Sarah Sharp
Guest
Sarah Sharp

Trimet should turn the upper seating in the back of one of the newer train cars into a bike-only section and run it once or twice an hour during rush hour. They could turn one column of seats into slightly angled bike staples. The other column of seats would also be taken out and they could put in an overhead bar or folding seats. People could stand in that area if the staples were unoccupied by a bike. If Trimet advertised the “bike car” schedule on bikeportland.org, some commuters may be able to change their daily commute to hop on it instead.

ben
Guest
ben

In may not help Portland, but in Phoenix this would be great. 8 bikes in a car at rush is not uncommon here.

Matt Picio
Guest

Personally, I vote for a Bicycle Lift up both sides of the western hills, like the one in Trondheim, Norway:
http://www.youtube.com/watch?v=7j1PgmMbug8

I’d imagine many people, like me, could ride the whole way to Beaverton or Hillsboro if we just had some help over the hills.

E
Guest
E

I’m with Matt. I would not need the max if I had some help with the section from Rose Quarter to Overlook Park. 🙂

Lazy Spinner
Guest
Lazy Spinner

Matt – Many of us already do that commute without MAX. It’s simply a function of having the right equipment. good skills, and the proper fitness.

Riding a bike takes some committment. You don’t have to be Lance Armstrong but you do have to put forth some effort. If that climb is an insurmountable obstacle in a new rider’s mind, then I doubt they have the chutzpah to handle our town’s weather or drivers either.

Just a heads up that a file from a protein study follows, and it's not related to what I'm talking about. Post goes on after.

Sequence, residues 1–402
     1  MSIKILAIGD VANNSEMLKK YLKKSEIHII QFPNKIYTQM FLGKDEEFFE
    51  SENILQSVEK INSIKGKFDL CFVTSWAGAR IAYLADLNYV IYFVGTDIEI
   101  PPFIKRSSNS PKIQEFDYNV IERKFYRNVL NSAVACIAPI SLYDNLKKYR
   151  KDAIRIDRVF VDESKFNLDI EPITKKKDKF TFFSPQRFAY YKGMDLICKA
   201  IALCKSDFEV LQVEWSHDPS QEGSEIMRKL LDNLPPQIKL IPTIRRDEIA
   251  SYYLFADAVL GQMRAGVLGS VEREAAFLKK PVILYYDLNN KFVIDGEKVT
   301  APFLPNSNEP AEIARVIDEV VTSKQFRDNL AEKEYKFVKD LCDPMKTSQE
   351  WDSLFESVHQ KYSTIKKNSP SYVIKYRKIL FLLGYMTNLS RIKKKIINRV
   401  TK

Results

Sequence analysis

Not trying to be elitist. Just being realistic.

Blah Blah Blah
Guest
Blah Blah Blah

Bike lifts? Come on…Why not just drive. Bikes are made to be ridden.

domes
Guest
domes

Regardless of the feasibility of this particular solution to the obvious capacity problem, I am happy that you are focusing attention on this issue. I was recently ejected from a train by a fare inspector because there were already four bicycles (one on each hook) on it. I spend a lot of money on tri-met and did not appreciate the exclusion.

rl
Guest
rl

Hey, let’s do this Portland style. We can have one of those ride-behind mounts for kids, but made for adults and mounted to the back of MAX.

http://bikeportland.org/2009/10/01/review-bridging-the-independence-gap-with-the-followme/

Sweet. Problem solved.

Editz
Guest
Editz

A Bicycle Lift in Portland? I can imagine some moron slipping off of it and suing the city.

dutch
Guest
dutch

zoobomb!!

20% is badass!

Andrew
Guest
Andrew

[OT] Stuttgart is similarly sized to Portland, and has something like 11 metro lines, which operate much faster than Trimet’s ever will. No wonder most people opt to bike.